There are a number of key risk factors to know, for instance did you know the occurrence of diabetes increased significantly with age?
Read below and learn the main risk factors:
1. Are you overweight or obese?
In fact, obesity is believed to account for 80-85% of the risk of developing type 2 diabetes, while recent research suggests that obese people are up to 80 times more likely to develop type 2 diabetes than those with a BMI of less than 22.
2. Do you have a family history of diabetes?
Family history of type 2 diabetes is recognized as an important risk factor of the disease according to multiple studies. Individuals who have a family history of diabetes can have two to six times the risk of type 2 diabetes compared with individuals with no family history of the disease.
3. Did you have gestational diabetes during pregnancy?
Gestational diabetes is a form of diabetes that develops during pregnancy. It is different from having known diabetes before pregnancy and then getting pregnant.
Gestational diabetes is generally diagnosed in the second and third trimesters of pregnancy, and usually goes away after the baby is born.
Gestational diabetes can cause problems for the mother and baby, but treatment and regular check-ups mean most women have healthy pregnancies and healthy babies.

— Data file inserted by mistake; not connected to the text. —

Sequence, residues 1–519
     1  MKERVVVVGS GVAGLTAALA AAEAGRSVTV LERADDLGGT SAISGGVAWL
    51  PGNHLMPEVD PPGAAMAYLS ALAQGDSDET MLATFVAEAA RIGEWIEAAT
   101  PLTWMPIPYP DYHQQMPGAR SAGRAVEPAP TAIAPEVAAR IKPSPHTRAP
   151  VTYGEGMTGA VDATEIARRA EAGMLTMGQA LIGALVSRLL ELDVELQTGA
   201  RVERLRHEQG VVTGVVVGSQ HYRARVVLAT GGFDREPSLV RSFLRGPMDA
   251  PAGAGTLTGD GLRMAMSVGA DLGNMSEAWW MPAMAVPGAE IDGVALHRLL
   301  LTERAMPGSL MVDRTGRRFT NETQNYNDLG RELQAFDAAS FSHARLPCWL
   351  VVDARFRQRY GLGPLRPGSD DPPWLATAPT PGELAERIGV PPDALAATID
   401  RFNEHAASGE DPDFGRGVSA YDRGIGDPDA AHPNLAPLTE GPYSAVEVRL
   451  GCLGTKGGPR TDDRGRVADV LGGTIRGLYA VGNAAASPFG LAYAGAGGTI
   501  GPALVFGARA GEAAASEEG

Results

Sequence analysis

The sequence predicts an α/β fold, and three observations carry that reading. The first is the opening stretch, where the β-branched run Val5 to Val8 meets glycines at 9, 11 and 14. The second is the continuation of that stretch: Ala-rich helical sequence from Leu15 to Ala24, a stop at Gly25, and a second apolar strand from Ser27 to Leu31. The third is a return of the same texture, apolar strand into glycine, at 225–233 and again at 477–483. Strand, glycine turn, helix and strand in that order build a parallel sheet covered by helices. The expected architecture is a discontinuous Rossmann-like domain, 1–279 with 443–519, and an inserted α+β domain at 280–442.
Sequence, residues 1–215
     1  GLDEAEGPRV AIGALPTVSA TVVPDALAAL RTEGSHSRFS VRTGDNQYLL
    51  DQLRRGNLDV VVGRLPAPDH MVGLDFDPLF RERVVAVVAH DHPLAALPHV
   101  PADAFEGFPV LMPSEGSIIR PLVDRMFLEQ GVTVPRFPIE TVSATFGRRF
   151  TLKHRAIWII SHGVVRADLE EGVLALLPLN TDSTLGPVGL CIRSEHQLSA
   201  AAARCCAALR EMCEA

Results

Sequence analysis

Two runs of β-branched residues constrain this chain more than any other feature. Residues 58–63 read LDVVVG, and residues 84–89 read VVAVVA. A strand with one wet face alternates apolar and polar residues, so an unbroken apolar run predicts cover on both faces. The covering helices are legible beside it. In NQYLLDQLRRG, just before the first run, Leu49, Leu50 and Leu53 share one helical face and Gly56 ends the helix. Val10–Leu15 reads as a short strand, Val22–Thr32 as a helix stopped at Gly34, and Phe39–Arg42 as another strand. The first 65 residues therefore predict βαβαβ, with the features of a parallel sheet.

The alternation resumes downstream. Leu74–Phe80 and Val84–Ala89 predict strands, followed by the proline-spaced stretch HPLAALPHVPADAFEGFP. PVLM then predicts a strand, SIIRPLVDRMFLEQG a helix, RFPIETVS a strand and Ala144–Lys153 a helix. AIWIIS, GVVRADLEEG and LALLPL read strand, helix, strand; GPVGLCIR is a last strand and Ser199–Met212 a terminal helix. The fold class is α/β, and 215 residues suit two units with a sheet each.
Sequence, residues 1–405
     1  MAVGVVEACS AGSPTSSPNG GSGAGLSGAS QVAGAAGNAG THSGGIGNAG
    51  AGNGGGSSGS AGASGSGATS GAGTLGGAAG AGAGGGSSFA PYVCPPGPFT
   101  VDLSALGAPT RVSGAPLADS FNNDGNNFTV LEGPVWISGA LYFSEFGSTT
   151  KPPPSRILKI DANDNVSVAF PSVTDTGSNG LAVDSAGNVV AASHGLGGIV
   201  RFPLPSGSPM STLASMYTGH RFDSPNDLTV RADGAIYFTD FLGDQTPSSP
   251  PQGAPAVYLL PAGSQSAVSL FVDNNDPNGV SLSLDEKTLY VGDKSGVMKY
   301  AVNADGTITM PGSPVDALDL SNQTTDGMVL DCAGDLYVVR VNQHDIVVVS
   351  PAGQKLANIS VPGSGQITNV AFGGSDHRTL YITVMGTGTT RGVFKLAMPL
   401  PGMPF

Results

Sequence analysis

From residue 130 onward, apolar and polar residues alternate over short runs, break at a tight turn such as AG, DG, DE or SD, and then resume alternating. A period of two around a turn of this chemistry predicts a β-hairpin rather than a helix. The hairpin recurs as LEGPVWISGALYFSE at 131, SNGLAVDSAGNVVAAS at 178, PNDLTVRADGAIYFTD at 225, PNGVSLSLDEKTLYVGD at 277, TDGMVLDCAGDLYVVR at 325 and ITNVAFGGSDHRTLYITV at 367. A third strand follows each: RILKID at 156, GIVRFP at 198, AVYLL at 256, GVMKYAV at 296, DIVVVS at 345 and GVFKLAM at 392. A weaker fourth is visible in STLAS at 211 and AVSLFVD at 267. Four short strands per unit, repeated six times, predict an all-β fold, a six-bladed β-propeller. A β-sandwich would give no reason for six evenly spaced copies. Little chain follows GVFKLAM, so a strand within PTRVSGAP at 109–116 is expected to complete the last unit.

4. Are you Maori, Pacific or Indo-Asian ethnicity?
According to NZ virtual diabetes register Pacific peoples had a significantly higher prevalence of diabetes than all other ethnic groups, while those identifying as European/other had a significantly lower rate. People of Indo-Asian ethnicity are close to those observed in Pacific peoples.
Do you have cardiovascular (heart) disease?
Having diabetes increases your risk of heart attack or stroke. Learn more about the link between diabetes and your heart.
Diabetes can cause more inflammation in your arteries and speeds up the process of atherosclerosis, where your arteries get stiffer and narrower, increasing your risk of heart attack or stroke.
People with diabetes are two – four times more likely to have a heart attack or stroke, than people who don’t have diabetes.
5. Some long-term drugs can increase your risk, ask your Doctor if you are on long-term steroid or antipsychotic treatment
If you have any of these risk factors, book in for a pre-diabetes screen with your doctor.
Take a look at some of the questions other people have had about managing diabetes, and see if any may be helpful for you to ask your health professional:
- What options do I have for managing my diabetes?
- What’s involved in becoming smokefree/ making healthier food choices/ taking more exercise/ reaching a healthy weight/ managing my stress?
- Which of these options to manage my diabetes will most benefit me?
- What’s involved with taking medications for diabetes?
- Where can I get support?
- How will my doctor/ nurse/ other health professional support my health and my family?